Love and Respect: A Plea for Normalcy

Once when writing about marital relations, the Apostle Paul penned these words. “…each one of you also must love his wife as he loves himself, and the wife must respect her husband.” (Ephesians 5:33) While he was zeroing in on marriage at the time, his words carry great meaning far beyond the bounds of marital bliss.

Paul understood that, in order for human beings to survive with each other, it takes a bit of work. There has to be some give and take and at least a skosh of cooperation. He focuses on two words—love and respect.

Love is generally understood to be the preferred basis of all our human relationships (at least from a Biblical perspective). Jesus was as clear on this as on any topic. He left little room for doubt that love is the bottom line. When asked what the greatest commandment happened to be, he answered, “Love the Lord your God with all your heart and with all your soul and with all your mind.” Then he quickly added, “Love your neighbor as yourself.” (Matthew 22:37-38) That pretty much sums it up.

“Respect is earned…”

As far as I can tell, that means we begin with a decision to love one another out of love for our Creator. From there, to form deeper relationships, we learn to respect one another as Paul indicated.

It is often said that respect is earned and cannot simply be demanded. That, of course, is true. It’s also true, however, that respect can be given without being earned. One of the hardest lessons I’ve had to learn in my sixty-seven years inhabiting this planet is to respect people because they are the pinnacle of God’s creation. Regardless of who they are, what they believe, or how they act, they’ve been made in God’s image—just like me, I might add.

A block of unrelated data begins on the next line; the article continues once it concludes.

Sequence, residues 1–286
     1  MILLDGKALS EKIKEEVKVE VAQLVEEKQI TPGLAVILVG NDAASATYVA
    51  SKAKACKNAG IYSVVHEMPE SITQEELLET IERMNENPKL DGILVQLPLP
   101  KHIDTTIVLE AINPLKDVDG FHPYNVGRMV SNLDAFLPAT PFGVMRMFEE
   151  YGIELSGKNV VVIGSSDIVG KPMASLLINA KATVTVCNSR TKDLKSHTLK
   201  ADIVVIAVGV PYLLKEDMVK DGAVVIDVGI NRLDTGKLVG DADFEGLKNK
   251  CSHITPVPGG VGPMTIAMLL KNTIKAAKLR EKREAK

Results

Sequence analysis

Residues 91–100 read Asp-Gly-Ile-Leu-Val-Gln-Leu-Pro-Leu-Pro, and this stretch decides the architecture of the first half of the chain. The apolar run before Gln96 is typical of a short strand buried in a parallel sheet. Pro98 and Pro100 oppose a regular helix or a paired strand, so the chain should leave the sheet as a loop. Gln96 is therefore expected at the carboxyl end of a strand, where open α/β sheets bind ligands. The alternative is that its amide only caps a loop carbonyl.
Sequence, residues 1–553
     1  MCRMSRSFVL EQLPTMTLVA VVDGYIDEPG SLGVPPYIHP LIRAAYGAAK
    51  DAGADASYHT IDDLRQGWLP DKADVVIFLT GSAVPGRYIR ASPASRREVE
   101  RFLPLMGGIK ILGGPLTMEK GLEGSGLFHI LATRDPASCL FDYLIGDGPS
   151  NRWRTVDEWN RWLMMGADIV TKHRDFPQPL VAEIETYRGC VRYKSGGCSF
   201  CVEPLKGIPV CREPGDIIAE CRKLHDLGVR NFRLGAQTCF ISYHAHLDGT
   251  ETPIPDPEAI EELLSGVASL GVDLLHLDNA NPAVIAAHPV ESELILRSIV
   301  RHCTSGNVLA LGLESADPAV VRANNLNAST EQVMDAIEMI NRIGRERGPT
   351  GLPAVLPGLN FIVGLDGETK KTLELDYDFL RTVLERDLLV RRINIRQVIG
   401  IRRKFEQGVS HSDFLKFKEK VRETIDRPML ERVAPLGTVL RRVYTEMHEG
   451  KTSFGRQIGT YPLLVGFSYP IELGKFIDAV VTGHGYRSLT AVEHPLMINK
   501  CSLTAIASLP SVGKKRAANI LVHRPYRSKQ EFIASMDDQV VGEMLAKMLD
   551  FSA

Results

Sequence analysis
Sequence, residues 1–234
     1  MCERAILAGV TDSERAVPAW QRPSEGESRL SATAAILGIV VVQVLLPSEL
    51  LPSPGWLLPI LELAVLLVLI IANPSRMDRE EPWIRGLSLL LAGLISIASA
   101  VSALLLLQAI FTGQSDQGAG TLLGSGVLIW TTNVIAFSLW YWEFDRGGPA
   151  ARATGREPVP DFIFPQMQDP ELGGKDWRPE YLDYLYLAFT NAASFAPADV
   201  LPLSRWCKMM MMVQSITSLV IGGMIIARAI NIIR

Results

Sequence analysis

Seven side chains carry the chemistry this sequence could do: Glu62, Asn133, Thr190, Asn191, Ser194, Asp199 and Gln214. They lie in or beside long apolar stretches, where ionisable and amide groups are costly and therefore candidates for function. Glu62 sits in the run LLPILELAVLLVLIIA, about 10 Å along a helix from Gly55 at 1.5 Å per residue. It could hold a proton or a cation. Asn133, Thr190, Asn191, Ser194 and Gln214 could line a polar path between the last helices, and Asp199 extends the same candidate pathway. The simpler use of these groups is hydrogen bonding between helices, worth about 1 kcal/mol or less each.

Any dictionary will tell us that respect can be as simple as showing deference to someone or something—giving them some esteem in our hierarchy of life. That action is not something we seem to be born into. It’s something we learn along the way. We begin our lives with the attitude that “the world is me.” Hopefully, we graduate at some point to the understanding that we are one of many. Furthermore, the “many” are just like me in multitudinous ways.

“How far we have fallen.”

It is incredible to me (and I’m sure to a lot of you) how far we have fallen. The lack of respect for other human beings in this world is astounding. There seems to be no more meeting of the minds, very little cursory politeness, and certainly no holding back from venomous hostility toward those who disagree with us.

I’m sure I don’t hold much sway with those who don’t hold to a Christian philosophy. If you’re not a follower of Jesus, my words probably mean nothing to you. But if you are such a follower, I implore you to return to a life that respects the humanity of others.

[Dave Zuchelli is a graduate of Pittsburgh Theological Seminary and is currently the pastor of Smith Chapel, in Great Falls, VA.]

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